What happens when we aggregate many of these processes that contribute to the making of perpetrators: dehumanize victims, deindividuate potential perpetrators, put them in a new strange, anonymous environment, and give the perpetrators total power and render the victims powerless? The answer is: the Stanford Prison Experiment, which contains further lessons in the transformation of good people into evil perpetrators (Haney, Banks, & Zimbardo, 1973; Zimbardo, Haney, Banks, & Jaffe, 1973). In this study, a group of ordinary college students were divided arbitrarily into "prisoners" and "guards." Hidden cameras captured what happened: the "guards" became more sadistic, devising cruel mental tortures, while the "prisoners" either broke down or succumbed in cowed and mindless obedience. I had to end this 2-week study after only 6 days because it had become too real, too volatile. [Editor's note: The website www.prisonexp.org (Zimbardo, 1999), on which the photograph above appears, offers an Internet slide show about this experiment.]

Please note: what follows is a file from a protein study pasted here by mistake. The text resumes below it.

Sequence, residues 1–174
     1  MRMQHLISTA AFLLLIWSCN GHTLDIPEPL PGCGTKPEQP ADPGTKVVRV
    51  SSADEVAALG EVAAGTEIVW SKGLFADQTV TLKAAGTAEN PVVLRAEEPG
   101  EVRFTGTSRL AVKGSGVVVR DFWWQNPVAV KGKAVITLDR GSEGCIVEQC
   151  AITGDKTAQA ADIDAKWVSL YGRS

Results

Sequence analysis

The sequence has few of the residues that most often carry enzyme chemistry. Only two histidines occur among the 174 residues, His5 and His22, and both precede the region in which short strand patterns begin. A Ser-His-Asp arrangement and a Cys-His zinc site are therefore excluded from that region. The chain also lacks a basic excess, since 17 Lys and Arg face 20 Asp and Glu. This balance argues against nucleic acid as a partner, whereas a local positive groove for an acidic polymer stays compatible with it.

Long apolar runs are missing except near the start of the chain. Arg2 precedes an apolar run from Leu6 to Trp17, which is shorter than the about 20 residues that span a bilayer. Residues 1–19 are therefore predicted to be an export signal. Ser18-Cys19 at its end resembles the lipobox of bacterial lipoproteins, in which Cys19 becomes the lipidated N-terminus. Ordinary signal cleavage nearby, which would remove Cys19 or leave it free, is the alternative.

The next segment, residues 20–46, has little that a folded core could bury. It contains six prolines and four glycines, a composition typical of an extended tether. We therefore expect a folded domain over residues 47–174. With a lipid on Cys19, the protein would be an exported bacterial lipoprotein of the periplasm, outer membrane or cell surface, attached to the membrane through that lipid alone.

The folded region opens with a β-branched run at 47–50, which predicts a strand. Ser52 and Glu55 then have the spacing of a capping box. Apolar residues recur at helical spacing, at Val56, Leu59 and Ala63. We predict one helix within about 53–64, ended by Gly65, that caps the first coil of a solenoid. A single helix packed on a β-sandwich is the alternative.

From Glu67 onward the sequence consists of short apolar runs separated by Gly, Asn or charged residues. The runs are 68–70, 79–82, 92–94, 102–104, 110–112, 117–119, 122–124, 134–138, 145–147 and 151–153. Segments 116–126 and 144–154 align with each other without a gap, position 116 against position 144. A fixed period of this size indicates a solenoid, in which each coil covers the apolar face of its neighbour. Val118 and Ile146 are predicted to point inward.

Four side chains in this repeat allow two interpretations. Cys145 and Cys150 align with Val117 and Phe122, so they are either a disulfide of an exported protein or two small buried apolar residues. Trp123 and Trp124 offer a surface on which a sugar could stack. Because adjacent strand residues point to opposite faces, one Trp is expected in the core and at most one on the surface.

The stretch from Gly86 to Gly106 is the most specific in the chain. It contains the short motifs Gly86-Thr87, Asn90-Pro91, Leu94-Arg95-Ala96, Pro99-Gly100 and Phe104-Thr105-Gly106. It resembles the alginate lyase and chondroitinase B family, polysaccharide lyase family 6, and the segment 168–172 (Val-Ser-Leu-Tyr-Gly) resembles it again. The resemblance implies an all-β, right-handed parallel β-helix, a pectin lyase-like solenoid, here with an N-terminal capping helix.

Violence of War
We have seen how social psychologists have isolated variables that can contribute to the creation of perpetrators, but how do leaders of nations do it? How do national policies and agencies do it to transform idealistic, innocent children into those who hate other people enough to want them all to cease to exist, to exterminate them, to eliminate them and their very memory from the face of the earth forever? Briefly, it involves agents and agencies of socialization, propaganda, and education.